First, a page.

I was a C student in school. Whether it was grade school, junior high or high school, C’s were “good enough” (a common term in my vocabulary). C’s meant that I was average and average was always good enough for me.

But, even though I outwardly boasted that I was fine being academically average, I knew deep down that my C’s weren’t because of a lack of intellect; they were because of a lack of EFFORT.

That all changed in the summer of 2001, after my junior year of college at the University of Wisconsin-Madison (Go Badgers!). I had barely gotten the grades and ACT score necessary to get into the University and was still firmly content being “good enough.” However, I was also paying my way through college and even I was smart enough to realize that my student loans weren’t going to magically evaporate after I got my degree. At some point I needed to get serious.

That summer I took Experimental Psychology, a notoriously tough 8-week, 5-credit class that is required for all Psychology majors. GOOD students usually got a B or worse in that class, which meant that if I gave my usual half-ass effort, I was going to be in serious trouble.

I’m not sure if this is what triggered it, but I clearly remember waking up one day before class had started and flipping a switch. I consciously said to myself:

“Scott, you’re paying a lot of money to be average. You’re paying a lot of money to get C’s! Aren’t you BETTER than that??? Shouldn’t you demand more of yourself and have higher personal standards?”

I knew I was coasting and I didn’t want to do it anymore. I was fed up.

At that moment, everything changed. It was the kick-start I needed. I got an A-B in Experimental Psychology, nothing but A’s and B’s in my last year at Wisconsin, then went onto graduate school and got almost straight A’s.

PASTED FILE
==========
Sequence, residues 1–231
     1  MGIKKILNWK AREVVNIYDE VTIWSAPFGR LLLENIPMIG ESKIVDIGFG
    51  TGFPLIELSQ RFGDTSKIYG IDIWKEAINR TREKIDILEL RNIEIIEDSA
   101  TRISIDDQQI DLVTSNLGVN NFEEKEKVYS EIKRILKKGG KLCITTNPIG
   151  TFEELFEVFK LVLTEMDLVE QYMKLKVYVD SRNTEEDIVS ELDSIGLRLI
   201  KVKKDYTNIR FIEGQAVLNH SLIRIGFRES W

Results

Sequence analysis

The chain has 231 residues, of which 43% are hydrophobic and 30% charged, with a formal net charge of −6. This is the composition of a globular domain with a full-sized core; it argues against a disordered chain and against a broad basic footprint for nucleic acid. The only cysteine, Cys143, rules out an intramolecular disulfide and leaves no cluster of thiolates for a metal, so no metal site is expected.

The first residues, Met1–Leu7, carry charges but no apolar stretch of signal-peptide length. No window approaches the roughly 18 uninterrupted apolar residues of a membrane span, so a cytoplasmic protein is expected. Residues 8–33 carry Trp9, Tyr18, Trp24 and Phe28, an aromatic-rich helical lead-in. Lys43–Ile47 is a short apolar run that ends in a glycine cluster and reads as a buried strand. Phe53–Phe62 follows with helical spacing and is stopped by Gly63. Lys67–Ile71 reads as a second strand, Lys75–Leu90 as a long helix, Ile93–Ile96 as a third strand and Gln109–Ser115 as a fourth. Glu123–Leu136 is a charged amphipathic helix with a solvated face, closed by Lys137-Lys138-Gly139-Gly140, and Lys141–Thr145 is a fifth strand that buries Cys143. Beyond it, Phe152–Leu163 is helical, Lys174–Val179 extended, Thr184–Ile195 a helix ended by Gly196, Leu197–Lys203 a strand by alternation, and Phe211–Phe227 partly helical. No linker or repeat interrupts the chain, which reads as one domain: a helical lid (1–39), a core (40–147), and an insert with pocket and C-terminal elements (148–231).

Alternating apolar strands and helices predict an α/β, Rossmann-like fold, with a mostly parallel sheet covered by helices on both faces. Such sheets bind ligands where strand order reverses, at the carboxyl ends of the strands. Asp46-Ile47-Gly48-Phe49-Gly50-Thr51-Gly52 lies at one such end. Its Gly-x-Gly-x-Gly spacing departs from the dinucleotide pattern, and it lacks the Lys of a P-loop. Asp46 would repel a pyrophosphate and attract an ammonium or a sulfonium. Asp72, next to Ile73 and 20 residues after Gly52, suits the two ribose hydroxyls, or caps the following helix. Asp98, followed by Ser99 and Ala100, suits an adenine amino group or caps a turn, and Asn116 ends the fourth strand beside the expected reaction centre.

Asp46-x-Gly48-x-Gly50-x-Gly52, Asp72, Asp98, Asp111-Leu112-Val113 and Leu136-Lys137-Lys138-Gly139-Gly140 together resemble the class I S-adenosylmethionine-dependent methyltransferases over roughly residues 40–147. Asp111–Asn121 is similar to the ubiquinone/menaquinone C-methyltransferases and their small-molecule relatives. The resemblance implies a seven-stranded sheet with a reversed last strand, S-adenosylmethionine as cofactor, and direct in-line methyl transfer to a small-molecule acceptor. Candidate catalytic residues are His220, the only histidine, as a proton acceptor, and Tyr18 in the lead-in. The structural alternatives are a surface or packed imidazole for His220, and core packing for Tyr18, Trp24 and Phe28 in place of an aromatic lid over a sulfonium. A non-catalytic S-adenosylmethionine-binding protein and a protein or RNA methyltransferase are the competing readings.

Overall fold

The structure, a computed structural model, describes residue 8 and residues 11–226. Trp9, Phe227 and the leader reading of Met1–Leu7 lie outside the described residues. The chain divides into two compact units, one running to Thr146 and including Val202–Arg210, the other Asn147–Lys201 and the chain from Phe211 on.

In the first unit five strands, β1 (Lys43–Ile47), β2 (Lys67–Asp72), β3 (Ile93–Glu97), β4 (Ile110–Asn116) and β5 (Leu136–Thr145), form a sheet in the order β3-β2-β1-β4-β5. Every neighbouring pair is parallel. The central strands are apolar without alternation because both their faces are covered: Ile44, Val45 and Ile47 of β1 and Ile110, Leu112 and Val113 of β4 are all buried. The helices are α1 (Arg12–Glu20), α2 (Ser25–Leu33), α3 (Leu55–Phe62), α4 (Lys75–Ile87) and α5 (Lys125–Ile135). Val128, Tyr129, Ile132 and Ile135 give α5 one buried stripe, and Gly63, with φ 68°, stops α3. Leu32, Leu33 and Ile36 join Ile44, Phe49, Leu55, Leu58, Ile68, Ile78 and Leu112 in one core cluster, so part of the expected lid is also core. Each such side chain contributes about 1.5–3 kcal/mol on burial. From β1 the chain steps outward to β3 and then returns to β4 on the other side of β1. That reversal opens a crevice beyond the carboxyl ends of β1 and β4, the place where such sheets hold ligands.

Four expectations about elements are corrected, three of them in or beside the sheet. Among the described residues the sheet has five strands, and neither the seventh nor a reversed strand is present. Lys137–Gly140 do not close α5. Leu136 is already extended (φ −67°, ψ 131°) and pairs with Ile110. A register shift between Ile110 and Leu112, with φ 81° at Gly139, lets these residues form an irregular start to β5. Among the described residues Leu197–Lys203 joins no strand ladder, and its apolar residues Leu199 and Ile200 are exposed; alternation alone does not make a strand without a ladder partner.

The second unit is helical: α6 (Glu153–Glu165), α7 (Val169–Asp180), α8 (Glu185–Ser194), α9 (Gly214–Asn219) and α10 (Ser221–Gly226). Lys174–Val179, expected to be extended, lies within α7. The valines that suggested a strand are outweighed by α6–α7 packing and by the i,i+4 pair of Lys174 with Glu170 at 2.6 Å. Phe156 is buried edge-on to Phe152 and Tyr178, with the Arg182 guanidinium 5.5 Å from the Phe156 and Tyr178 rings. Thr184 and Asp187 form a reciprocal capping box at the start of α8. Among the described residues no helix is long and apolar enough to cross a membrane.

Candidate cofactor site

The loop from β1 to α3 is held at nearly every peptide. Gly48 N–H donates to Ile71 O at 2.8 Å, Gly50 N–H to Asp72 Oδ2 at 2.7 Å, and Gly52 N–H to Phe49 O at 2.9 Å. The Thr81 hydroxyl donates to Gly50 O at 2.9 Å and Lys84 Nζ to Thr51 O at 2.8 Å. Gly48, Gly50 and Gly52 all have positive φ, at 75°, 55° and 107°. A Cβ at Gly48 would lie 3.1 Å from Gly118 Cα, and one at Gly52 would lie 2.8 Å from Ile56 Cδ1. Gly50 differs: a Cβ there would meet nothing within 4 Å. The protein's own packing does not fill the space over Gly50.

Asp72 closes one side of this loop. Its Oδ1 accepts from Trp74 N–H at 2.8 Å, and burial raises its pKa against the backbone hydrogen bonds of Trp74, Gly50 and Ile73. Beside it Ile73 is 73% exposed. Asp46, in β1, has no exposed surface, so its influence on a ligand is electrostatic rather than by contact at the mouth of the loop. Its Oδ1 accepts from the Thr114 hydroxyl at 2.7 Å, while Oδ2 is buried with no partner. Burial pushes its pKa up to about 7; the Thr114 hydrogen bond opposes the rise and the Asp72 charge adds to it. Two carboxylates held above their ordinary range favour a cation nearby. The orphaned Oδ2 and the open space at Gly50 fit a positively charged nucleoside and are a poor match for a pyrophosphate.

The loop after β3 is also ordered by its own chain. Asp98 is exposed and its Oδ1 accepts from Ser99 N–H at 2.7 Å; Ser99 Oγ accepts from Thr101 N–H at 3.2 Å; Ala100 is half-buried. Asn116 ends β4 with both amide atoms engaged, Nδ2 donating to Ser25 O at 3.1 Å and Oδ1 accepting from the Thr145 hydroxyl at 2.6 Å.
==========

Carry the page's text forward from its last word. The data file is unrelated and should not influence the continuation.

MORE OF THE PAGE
It was my first realization that our standards are the ceiling for everything we do. We’re never going to Outperform them. Higher levels of performance stem from higher standards.

So, as we launch into 2019, the starting point to enhancing ANY area of your life is to take a good, honest look at your own personal standards. At Outperform The Norm, I typically break these down into three different areas: High Performance, Health and Happiness.


This is professional (could be athletic, too) and is how you do your job. Potential standard-bearing questions:

– How do you measure your productivity?
– What is your level of focus?
– Are you disciplined to your most important (not urgent) tasks?
– Do you help others raise their game?
– What is the consistent level of effort you’re giving daily, weekly, monthly, quarterly?
– Are you paid what you’re worth?


This is how you take care of the beautiful machine that is the human body. Potential standard-bearing questions:

– What are your exercise habits?
– How do you approach nutrition? Hydration?
– Are you happy with the way you look and feel?
– How do you manage stress?
– Do you live in chronic pain?
– What is the quality and quantity of sleep you get each night?


This is your general attitude and level of fulfillment in your life as a whole. Potential standard-bearing questions:

– What attitude do you bring every day?
– Do you serve others and contribute beyond yourself?
– How often do you laugh? Experience joy?
– What is the quality of your relationships?
– Are you fulfilled with what you’re doing?
– How is your spiritual life?

Please know, it’s not my place to tell you what your standards should be. That’s your choice and yours alone. But I’ve never seen someone (myself included!) that hasn’t been able to ask these questions and recognize that they could raise their game in at least one of the areas. It’s a great gauge and barometer for all of us as we strive to OUTPERFORM in the new year.

Best of Health, Happiness and High Performance,